Author Topic: Ennio Morricone on Faith, the Latin Mass and Liturgical Music  (Read 764 times)

Offline TheKnightVigilant

  • Vizekorporal
  • **
  • Posts: 242
  • Thanked: 5 times
Ennio Morricone on Faith, the Latin Mass and Liturgical Music
« on: February 19, 2015, 11:50:37 AM »
Thought this might be interesting for any other Ennio Morricone fans out there...

http://edwardpentin.co.uk/from-the-archive-interview-with-filmscore-composer-ennio-morricone/

What is your opinion of Pope Benedict XVI, a Pope who is also very musical?

I have a very good opinion of Pope Benedict XVI. He seems to me to be a very high minded Pope who has a great culture and also great strength. He has a great wish to correct [liturgical] errors that have existed and continue to exist, and he tried to fix them just a few days after being elected. Today the Church has made a big mistake, turning the clock back 500 years with guitars and popular songs.  I donít like it at all. Gregorian Chant is a vital and important tradition of the Church and to waste this by having guys mix religious words with profane, Western songs is hugely grave, hugely grave. The same thing happened before the Council of Trent when singers sang profane songs with sacred melodies and sacred words. He [the Pope] is doing well to correct it. He should correct it with much more firmness. Some churches have taken heed [of his corrections], but others havenít.


Do you prefer the Mass in Latin?


I understand that Mass in Italian and in a national language is very useful and very important because people can follow it very well. But I also understand the tradition of the Church to set aside a language like Latin which is so important and serious for the Church itself. This was also a decision of the Second Vatican Council. So I support either Mass in Latin or in a countryís national language, but I donít agree with, and feel very strongly about, mixing profane, secular music with religious words in Church, or mixing religious music with a profane and secular text. After the Second Vatican Council I was asked to be a consulter to the Vicariate for two pieces of sung Church music and I refused.  The Church and Christians have Gregorian chant and they said we had to now have this other music, so I refused. All the musicians in Rome also refused to work with it. All those who know Gregorian chant understand that itís something very high brow.

http://www.saintanthonyofpadua.net/messaggero/pagina_stampa.asp?R=Interview&ID=360

How would you define God?

Thatís not an easy question. The mystery of Godís presence is something which lies outside the bounds of our understanding. God is a Superior Entity, the Creator of the universe. We know that His Son came to earth to redeem us, and we look to Him when we are in trouble, or even when we are not. I believe that faith in Him is extremely important because, without faith, one has no interior compass by which to guide oneís existence.

How do you feel when you go into a church?

I have always had a spiritual relationship with God. For some years now, I have been more attentive towards my spiritual life. I donít know why, but it feels right. I pray and take Communion every day. I go to church at seven in the morning, but I donít often go to Confession because I donít tend to do too many bad things. I go to church because I feel I owe my devotion to the Divine Presence Who is particularly present in that place.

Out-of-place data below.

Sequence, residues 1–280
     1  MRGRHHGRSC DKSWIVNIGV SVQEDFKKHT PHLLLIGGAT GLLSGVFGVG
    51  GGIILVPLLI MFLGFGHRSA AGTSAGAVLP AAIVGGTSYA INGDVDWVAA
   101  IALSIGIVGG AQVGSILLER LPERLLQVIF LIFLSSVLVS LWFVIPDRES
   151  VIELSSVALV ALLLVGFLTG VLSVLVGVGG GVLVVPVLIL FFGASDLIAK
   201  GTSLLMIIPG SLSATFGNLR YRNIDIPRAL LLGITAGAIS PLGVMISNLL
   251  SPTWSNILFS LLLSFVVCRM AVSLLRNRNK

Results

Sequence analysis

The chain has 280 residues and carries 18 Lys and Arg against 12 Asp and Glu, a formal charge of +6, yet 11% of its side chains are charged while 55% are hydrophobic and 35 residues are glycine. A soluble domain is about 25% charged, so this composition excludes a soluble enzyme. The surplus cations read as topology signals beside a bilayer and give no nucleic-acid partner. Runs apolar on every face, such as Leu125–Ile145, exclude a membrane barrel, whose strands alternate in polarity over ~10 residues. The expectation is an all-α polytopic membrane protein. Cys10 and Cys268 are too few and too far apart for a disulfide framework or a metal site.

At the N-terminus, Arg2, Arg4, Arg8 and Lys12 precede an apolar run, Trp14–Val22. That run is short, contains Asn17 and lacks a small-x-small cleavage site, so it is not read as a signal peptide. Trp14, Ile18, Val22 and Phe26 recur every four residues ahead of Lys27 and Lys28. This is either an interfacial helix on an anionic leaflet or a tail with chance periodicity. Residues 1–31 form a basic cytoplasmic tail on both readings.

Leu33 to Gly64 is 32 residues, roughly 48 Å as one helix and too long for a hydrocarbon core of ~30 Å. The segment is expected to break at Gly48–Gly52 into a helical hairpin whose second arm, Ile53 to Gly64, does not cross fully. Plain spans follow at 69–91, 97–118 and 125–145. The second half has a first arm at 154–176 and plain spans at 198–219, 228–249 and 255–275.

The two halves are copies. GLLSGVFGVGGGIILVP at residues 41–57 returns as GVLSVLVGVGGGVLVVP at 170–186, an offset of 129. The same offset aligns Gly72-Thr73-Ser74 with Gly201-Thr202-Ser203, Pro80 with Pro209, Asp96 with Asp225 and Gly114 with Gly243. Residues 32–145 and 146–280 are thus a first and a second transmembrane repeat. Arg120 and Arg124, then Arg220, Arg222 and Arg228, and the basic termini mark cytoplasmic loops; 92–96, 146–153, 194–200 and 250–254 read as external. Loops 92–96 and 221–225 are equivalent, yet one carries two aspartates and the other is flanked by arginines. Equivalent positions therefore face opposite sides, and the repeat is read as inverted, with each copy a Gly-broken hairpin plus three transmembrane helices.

Statistically speaking, Saint Anthony is the worldís best-loved Saint. Does he represent something for you?


I remember how devoted my grandmother and mother were to him when I was a boy. They used to get the Messenger from Padua, and read to me about Saint Anthonyís miracles. It is difficult for me to believe in all the miracles mentioned, although I have to say that I was always very attentive, and some of their devotion rubbed off on me.


What do you think of the music which is played in church these days?

Some days ago, I went to Santa Maria degli Angeli, a church designed by Michelangelo. Some young people were livening up the Mass, playing the guitar and singing rather well; but their songs were pretty hopeless. It was incredible, as though we had returned to times before the Council of Trent when people used to put the words of hymns to popular tunes, and put rude and unpleasant words to hymnal music. It seems weíve gone back to this stage, and nothing is being done to improve the situation. With Vatican II, the Catholic Church abolished Gregorian chants, which was of an extraordinary historical value in musical terms. I canít understand why, and it anguishes and irritates me. I can understand why Mass is said in various languages, but I will never understand the abolition of Latin hymns and Gregorian music.
 

Online clau clau

  • My other bike is a Pinarello
  • Wachtmeister
  • ***
  • Posts: 1417
  • Thanked: 1571 times
  • Religion: Traditionalist videogamer - I only play 8-bit video games
Re: Ennio Morricone on Faith, the Latin Mass and Liturgical Music
« Reply #1 on: July 06, 2020, 07:45:55 AM »
Ennio Morricone.

The amount of memorable tunes written by him I can remember from my past is staggering.  I just looked some of them up on YouTube.

It goes all the the way back to the tape of "Big Western Movie Themes" we used to listen to when we were kids.

RIP Ennio Morricone.

Gabriel's Oboe - from "The Mission"


see also: here
« Last Edit: July 06, 2020, 07:50:42 AM by clau clau »
Would you like to shake hands with Pope 1 or Pope 2 -
 me (inspired by Dr Seuss) see: https://seuss.fandom.com/wiki/Thing_One_and_Thing_Two

But when he's dumb and no more here,
Nineteen hundred years or near,
Clau-Clau-Claudius shall speak clear.
 
The following users thanked this post: Non Nobis